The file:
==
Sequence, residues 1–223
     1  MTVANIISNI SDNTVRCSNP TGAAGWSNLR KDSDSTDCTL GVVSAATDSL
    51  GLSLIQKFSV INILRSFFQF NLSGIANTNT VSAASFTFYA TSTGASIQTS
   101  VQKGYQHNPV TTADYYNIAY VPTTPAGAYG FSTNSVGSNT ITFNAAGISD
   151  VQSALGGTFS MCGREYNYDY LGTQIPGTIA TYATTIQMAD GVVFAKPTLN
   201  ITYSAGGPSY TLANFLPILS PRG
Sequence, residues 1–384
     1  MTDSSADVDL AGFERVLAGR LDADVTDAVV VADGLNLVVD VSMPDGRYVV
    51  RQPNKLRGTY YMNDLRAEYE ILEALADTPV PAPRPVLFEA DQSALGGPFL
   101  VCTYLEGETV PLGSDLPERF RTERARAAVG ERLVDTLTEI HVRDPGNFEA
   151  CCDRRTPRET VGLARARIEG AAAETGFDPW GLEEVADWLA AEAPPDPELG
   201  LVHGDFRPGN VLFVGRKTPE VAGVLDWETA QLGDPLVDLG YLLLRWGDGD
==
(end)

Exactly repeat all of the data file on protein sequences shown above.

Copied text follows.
Sequence, residues 1–223
     1  MTVANIISNI SDNTVRCSNP TGAAGWSNLR KDSDSTDCTL GVVSAATDSL
    51  GLSLIQKFSV INILRSFFQF NLSGIANTNT VSAASFTFYA TSTGASIQTS
   101  VQKGYQHNPV TTADYYNIAY VPTTPAGAYG FSTNSVGSNT ITFNAAGISD
   151  VQSALGGTFS MCGREYNYDY LGTQIPGTIA TYATTIQMAD GVVFAKPTLN
   201  ITYSAGGPSY TLANFLPILS PRG
Sequence, residues 1–384
     1  MTDSSADVDL AGFERVLAGR LDADVTDAVV VADGLNLVVD VSMPDGRYVV
    51  RQPNKLRGTY YMNDLRAEYE ILEALADTPV PAPRPVLFEA DQSALGGPFL
   101  VCTYLEGETV PLGSDLPERF RTERARAAVG ERLVDTLTEI HVRDPGNFEA
   151  CCDRRTPRET VGLARARIEG AAAETGFDPW GLEEVADWLA AEAPPDPELG
   201  LVHGDFRPGN VLFVGRKTPE VAGVLDWETA QLGDPLVDLG YLLLRWGDGD